Thermal vision allows the viewer to see at night, but only by viewing the heat given off by various objects. If you’re familiar with the movie “Predator”, you’ll know what a thermal image looks like. More modern thermal vision devices are often coupled with image intensifying tubes for military and police use, although the cost for those systems can range up to $50,000. Cost for consumer-grade thermal vision devices range from around $450 for small handheld thermal devices up to several thousand dollars for quality monoculars, binoculars, and rifle scopes.
Digital Night Vision
Conventional image intensification tubes are analog, and they still work well. But advantages in digital sensors are allowing digital night vision to make a run for its money. Modern digital night vision devices can in some cases produce images equivalent to Gen 2 analog devices. They’re often good to use in urban and suburban environments where there is plentiful ambient light, and outdoors with sufficient moonlight and starlight. They’ll be inferior to Gen 2 and Gen 3 devices in low light or no-light conditions, and will require some sort of IR light source under those conditions.
Digital night vision devices also often experience lags that analog night vision doesn’t, as it’s essentially looking at a screen that is interpreting what the lens is seeing. Still, they’re superior to Gen 1 night vision, but still only cost a few hundred dollars. For someone just looking to get their feet wet, they could offer a good entry into night vision. But it will probably be several years, if not decades, before digital night vision is able to offer superior performance to analog night vision across the board.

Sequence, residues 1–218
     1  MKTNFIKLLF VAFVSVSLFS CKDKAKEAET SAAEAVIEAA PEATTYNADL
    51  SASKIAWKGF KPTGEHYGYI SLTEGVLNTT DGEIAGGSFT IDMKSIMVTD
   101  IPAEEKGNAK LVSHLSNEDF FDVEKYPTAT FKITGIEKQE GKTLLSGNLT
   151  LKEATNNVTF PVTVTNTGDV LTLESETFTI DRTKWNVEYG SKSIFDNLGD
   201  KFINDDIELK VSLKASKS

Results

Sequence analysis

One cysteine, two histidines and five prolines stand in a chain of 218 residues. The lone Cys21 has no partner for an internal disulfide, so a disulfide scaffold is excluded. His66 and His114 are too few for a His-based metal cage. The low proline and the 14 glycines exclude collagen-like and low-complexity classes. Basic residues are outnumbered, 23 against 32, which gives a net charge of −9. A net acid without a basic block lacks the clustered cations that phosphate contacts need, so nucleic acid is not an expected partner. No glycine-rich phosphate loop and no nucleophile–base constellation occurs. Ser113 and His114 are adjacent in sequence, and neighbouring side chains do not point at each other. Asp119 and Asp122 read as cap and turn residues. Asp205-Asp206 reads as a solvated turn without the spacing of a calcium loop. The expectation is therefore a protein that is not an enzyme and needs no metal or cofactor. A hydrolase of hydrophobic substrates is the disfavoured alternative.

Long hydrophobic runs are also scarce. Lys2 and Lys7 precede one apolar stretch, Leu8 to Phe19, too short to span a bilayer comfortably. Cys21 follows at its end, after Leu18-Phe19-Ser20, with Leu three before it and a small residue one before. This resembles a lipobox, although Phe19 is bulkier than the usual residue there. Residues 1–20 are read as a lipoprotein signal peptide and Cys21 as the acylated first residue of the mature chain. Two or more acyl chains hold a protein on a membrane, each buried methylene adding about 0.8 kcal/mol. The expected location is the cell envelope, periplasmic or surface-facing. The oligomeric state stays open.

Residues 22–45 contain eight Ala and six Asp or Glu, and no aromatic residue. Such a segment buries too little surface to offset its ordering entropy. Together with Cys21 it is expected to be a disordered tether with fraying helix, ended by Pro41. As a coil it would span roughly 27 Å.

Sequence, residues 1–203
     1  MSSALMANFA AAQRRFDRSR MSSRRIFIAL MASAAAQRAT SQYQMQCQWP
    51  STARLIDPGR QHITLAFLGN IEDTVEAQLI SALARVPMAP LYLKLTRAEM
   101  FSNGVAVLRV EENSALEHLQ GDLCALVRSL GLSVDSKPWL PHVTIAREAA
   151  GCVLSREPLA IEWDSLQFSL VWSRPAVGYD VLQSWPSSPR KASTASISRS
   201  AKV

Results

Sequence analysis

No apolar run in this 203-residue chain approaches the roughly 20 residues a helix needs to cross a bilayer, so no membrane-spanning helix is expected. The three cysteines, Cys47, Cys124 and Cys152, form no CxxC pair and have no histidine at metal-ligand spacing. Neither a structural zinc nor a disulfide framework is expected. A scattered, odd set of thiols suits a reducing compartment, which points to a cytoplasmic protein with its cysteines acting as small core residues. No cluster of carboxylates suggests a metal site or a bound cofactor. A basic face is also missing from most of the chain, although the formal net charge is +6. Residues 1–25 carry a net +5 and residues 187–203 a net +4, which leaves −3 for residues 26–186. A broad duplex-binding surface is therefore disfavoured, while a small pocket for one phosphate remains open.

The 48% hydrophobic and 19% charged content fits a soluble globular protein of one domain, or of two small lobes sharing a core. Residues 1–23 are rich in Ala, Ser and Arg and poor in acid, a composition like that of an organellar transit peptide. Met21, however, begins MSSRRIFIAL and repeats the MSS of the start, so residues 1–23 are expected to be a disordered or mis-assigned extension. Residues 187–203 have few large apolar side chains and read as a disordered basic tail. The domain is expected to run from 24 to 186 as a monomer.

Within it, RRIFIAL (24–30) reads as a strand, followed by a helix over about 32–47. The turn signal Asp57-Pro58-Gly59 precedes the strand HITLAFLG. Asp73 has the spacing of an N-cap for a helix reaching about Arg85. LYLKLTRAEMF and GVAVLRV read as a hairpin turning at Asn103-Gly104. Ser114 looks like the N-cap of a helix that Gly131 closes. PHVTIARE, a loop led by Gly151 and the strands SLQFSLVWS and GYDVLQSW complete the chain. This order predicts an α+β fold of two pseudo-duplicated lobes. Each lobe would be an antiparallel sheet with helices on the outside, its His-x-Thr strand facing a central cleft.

Advantages of Night Vision
For those who live in areas where they are allowed to hunt at night, night vision is indispensable. Those who hunt feral pigs, in particular, get great advantages from having night vision. In fact, night vision is almost a requirement nowadays if you want to have any success hunting hogs at night.
Being able to see in the dark inside your house can make a great difference if you ever find yourself having to defend yourself at night. Rather than taking a stab (or shot) at something in the dark, having night vision can help you positively identify your target. And since your adversaries likely won’t have night vision, you’ll have a major advantage over them.